Advantages of Hubs and Switches
Hubs and switches have different advantages. However, keep in mind that this advantage is based on its useHubs and switches have different advantages. However, keep in mind that this advantage is based on its use.
Advantages of Hub
The main function of a hub is to allow clients to connect to the network so that the Switch can share and have conversations. For this purpose, the hub uses a network protocol analyzer.
Hubs are in high demand because they have very little amount of performance impact on the network. This is often because it operates using a broadcast model that rarely affects the network.
Compared to switches, hubs are very cheap. Basically thanks to its simplicity. Therefore, Switch will help you save a lot of money. And also because of Switch products, Switch is widely available in the market.
- Device Support
Hubs can connect multiple media types at once with a central hub. While media will want to operate at different speeds, the Switch will get used to supporting them.
- Area Coverage
Network area coverage is limited to a certain distance. Hubs expand the space of the communication network to form easily.
Advantages of Switch
- Increase Capacity
Switches increase the organization’s accessible data transfer capacity.
- Reduce Burden
Switches help in reducing the tremendous burden on individual host PCs.
- Ascension Presentation
Switches can improve organizational presentation.
- Less case impact
Networks that use the Switch will have less cloaking impact. This is because of the way Switch creates an area of impact for each association.
Switches can be associated directly with workstations.
- Increase Bandwidth
The switch is able to increase the available network bandwidth.
- Fewer frame collisions
Networks that use the Switch will have fewer frame collisions.
Since the Switch is isolated, the data will only get to the destination.
Difference between Hub and Switch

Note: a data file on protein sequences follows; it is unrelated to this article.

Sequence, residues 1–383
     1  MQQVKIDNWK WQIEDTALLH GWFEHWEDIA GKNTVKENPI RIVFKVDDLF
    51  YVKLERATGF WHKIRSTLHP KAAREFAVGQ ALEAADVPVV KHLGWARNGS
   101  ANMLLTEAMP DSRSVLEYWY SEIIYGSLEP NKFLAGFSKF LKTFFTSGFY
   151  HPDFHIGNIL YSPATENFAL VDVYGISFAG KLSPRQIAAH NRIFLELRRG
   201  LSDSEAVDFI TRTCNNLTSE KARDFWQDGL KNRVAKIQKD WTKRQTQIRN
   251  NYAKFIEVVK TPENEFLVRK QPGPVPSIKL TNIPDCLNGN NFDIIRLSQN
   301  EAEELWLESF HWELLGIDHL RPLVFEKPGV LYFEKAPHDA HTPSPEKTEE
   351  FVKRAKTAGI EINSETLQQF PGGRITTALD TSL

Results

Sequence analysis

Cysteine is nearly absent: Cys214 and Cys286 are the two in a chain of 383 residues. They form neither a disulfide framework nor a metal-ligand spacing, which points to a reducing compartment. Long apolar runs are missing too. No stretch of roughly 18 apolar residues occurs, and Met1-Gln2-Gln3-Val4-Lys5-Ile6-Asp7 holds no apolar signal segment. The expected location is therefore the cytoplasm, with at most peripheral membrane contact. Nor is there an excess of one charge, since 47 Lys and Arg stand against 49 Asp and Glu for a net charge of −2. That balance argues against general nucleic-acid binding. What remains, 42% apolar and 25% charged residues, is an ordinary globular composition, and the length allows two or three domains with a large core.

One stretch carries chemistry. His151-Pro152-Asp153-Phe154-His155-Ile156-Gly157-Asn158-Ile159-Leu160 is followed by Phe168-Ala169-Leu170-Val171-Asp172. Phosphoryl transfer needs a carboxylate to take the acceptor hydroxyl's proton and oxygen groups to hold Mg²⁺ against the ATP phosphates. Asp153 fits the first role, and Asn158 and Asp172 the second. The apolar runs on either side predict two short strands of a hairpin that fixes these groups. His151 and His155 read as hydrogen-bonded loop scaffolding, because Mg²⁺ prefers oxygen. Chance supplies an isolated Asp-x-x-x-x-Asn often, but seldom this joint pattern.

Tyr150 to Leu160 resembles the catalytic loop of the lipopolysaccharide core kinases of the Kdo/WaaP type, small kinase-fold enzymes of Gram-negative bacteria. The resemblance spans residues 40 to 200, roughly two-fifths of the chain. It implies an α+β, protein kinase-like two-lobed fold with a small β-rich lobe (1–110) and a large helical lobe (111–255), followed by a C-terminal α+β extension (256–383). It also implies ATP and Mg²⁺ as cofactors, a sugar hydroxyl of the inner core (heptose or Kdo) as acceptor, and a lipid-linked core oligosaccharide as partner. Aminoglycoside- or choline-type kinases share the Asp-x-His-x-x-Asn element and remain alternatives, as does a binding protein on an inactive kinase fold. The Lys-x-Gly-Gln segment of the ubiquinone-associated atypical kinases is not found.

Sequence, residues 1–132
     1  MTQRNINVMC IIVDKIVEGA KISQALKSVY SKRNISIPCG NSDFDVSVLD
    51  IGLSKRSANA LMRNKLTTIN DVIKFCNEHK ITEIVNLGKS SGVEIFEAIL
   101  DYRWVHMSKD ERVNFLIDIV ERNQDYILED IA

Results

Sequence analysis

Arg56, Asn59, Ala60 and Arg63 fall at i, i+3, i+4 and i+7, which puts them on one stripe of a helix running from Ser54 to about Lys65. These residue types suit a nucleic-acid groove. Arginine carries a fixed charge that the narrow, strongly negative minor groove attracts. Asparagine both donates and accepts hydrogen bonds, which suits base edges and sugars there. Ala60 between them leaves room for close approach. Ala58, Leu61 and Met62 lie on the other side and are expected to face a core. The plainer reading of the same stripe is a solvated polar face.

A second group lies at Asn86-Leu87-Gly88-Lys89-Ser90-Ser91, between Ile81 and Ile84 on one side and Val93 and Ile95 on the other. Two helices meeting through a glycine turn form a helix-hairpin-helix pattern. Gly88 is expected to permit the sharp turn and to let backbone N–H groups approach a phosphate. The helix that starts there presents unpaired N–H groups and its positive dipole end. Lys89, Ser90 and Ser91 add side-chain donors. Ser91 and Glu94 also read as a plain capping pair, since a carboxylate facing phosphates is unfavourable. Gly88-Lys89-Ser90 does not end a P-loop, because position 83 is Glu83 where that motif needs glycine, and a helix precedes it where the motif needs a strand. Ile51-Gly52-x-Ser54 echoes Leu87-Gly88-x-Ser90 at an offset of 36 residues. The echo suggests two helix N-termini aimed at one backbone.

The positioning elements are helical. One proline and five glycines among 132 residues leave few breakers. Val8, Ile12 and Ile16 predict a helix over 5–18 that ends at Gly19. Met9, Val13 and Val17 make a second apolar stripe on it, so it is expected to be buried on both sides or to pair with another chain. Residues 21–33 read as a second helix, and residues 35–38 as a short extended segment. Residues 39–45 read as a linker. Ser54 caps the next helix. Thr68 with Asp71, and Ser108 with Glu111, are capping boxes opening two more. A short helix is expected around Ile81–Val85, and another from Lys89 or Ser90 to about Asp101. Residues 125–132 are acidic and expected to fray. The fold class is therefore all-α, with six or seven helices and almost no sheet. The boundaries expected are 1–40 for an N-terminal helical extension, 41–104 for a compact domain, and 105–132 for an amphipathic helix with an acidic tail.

What is the difference between hub and switch? Actually there are some important points that can be highlighted from the differences between these two devices, let’s look at the differences between the two below:
|A hub operates at the physical layer.
|A hub operates at the physical layer.
|Hubs perform frame flooding which can be unicast, multicast, or broadcast.
|Switch broadcasts, then unicast and multicast as needed.
|Only a single collision domain exists in the hub.
|Varied ports have separate collision domains.
|Transmission mode is Half-duplex
|Transmission mode is Full duplex
|Hubs operate as Layer 1 devices per OSI model.
|Network switches help you to operate at Layer 2 of the OSI modelNetwork switches help you to operate at Layer 2 of the OSI model.
|To connect a network of personal computers must be joined through a central hub.
|Allow connecting multiple devices and ports.
|Using electric signal orbit
|Using frames and packages
|Does not offer Spanning-Tree
|Does not offer Spanning-Tree
|Collisions mostly occur in a hub setting. Collisions mostly occur in a hub setting.
|No collisions occur on full-duplex switches.
|Hub is a passive device
|Switch is an active device
|Network hub cannot store MAC address.
|Switch uses CAM (Content Accessible Memory) which can be accessed by ASIC (Application Specific Integrated Chips).
|Not a smart device
|Is a smart device
|Hub has speeds up to 10 Mbps
|The switch has speeds of 10/100 Mbps, 1 Gbps, 10 Gbps
|Don’t have software
|Have software for administration
Maybe many of you are still confused about choosing a hub or switch. Judging from the differences between hubs and switches above, maybe you are still confused about which one is suitable for your internet network needs in the office or for personal use. NetData can be a very appropriate solution to consult for your network whether it is suitable to use a hub or a switch.
Visit the NetData website for more networking information.